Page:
EDITORIAL: Silence youth at your own peril
Not only should they stay off the lawn, but they should speak only when spoken to.
That basically summarizes the recent stance taken by the Republican leaders of two Idaho legislative committees, and it’s fraught with injustice and danger.
The committee chairs have slapped an age limit — 18 and older only — on who is allowed to address the committee when it’s seeking public testimony.
The injustice part is easy. According to Idaho’s open meeting laws, “A governing body shall not hold a meeting at any place where discrimination on the basis of race, creed, color, sex, age or national origin is practiced.”
What we have here is a prime example of discrimination based on an entire group’s age, which flies not just in the face of Idaho statute, but the nation’s First Amendment, as well.
The danger part is more complicated.
Critics looking for a juicy lawsuit might just have found one, based on open meeting and First Amendment violations. Alas, it would float right along, with the cash register constantly ringing, at taxpayer expense.
Adoption of a general gag order placed on younger Idahoans also threatens to alienate tomorrow’s leaders ever further, which is perhaps part of the motive behind silencing the lambs. Doors of opportunity previously open to younger citizens, welcoming them to the legislative processes that impact their everyday lives, will be slammed shut.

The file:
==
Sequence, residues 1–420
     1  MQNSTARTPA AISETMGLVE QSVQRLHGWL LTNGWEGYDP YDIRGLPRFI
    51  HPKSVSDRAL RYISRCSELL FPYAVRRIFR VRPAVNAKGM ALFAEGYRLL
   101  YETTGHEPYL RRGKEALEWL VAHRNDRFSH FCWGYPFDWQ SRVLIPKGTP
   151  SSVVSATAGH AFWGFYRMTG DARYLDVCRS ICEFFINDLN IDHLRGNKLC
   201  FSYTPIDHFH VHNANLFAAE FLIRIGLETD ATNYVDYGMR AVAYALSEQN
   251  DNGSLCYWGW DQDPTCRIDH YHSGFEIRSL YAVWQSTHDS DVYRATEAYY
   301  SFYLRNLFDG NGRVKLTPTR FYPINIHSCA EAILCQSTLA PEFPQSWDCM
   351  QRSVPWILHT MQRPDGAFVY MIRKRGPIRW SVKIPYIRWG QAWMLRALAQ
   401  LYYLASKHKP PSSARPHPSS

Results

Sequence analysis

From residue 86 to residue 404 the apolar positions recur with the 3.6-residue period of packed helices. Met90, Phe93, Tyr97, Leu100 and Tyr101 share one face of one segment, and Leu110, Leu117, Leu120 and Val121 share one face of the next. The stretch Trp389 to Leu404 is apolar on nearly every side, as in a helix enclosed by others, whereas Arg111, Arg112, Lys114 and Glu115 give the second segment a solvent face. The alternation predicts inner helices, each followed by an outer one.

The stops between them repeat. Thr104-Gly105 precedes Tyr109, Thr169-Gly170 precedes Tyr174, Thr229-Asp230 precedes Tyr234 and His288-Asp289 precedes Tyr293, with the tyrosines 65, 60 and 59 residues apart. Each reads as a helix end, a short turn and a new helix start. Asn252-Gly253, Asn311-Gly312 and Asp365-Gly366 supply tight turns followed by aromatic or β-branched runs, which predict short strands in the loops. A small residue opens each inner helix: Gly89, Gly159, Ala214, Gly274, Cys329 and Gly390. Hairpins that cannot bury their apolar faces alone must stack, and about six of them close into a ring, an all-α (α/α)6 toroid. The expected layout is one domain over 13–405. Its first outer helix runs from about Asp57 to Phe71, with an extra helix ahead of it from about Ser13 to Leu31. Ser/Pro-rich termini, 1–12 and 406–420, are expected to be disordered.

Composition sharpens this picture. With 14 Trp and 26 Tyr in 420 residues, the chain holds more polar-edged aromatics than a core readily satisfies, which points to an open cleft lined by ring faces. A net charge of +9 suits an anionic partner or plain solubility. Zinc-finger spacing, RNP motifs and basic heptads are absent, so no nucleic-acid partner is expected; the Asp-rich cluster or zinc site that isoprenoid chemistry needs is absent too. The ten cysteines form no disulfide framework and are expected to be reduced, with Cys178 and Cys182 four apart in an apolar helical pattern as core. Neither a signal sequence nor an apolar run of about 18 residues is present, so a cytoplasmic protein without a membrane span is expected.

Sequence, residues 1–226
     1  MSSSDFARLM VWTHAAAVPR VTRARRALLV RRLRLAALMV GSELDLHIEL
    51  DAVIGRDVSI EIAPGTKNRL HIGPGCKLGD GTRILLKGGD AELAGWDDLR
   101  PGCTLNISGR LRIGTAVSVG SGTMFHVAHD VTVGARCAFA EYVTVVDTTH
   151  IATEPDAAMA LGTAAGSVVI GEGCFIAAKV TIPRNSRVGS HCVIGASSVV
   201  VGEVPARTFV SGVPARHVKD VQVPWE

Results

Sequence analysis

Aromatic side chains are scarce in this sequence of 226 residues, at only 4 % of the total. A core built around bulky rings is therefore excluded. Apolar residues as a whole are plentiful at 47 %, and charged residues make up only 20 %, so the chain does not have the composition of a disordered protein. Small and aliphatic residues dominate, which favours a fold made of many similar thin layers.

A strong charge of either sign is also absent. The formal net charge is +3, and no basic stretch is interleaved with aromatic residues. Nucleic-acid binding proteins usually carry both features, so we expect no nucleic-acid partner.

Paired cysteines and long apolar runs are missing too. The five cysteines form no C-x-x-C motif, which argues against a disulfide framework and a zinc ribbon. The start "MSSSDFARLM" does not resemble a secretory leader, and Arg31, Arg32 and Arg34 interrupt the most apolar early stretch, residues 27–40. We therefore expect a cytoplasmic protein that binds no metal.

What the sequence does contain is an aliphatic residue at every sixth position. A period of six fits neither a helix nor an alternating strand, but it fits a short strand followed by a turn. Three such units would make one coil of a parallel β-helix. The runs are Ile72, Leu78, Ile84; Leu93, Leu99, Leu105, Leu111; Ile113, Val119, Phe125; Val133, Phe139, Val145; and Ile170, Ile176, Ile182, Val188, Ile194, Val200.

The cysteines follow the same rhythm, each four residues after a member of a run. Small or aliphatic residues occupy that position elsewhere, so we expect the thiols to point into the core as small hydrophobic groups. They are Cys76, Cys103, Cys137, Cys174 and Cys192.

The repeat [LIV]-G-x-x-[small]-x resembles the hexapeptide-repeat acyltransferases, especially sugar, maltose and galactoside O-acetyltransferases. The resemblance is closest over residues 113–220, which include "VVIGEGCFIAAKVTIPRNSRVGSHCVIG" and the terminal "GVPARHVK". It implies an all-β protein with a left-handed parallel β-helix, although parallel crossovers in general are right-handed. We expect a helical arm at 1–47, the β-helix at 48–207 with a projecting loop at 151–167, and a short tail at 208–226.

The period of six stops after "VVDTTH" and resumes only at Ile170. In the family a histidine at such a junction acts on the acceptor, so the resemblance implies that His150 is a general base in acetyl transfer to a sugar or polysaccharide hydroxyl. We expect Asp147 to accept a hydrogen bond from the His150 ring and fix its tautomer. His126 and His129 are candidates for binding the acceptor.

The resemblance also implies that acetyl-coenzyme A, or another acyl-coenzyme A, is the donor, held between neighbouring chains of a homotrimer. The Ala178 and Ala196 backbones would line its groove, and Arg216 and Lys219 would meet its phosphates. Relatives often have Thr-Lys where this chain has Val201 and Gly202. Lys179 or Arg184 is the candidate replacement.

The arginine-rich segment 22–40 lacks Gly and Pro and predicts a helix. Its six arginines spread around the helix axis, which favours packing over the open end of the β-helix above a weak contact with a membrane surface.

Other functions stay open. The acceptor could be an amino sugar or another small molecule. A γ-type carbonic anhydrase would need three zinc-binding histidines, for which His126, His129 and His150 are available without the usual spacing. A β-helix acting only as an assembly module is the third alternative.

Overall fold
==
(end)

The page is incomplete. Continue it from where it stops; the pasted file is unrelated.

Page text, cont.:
To conscientious Republicans who are looking ahead a little bit, the committee chairs’ decisions should be viewed as termites in the party’s platform. If they’re banking on these potential GOP voters overlooking this blatant slap, they might be deeply disappointed.
The solution is to use guidelines already in place to ensure public testimony is heard from various perspectives and backgrounds.
People understand that public decision-makers don’t always have time to hear from every single citizen who wishes to speak on an issue. Enforcing time limits and capping testimony that becomes repetitive or unruly are tools already at committee chairs’ disposal.
In the long run, inviting testimony from all walks of Idaho life and considering what they have to say will benefit the elected officials and the people they're supposed to be serving.
And that's all the people.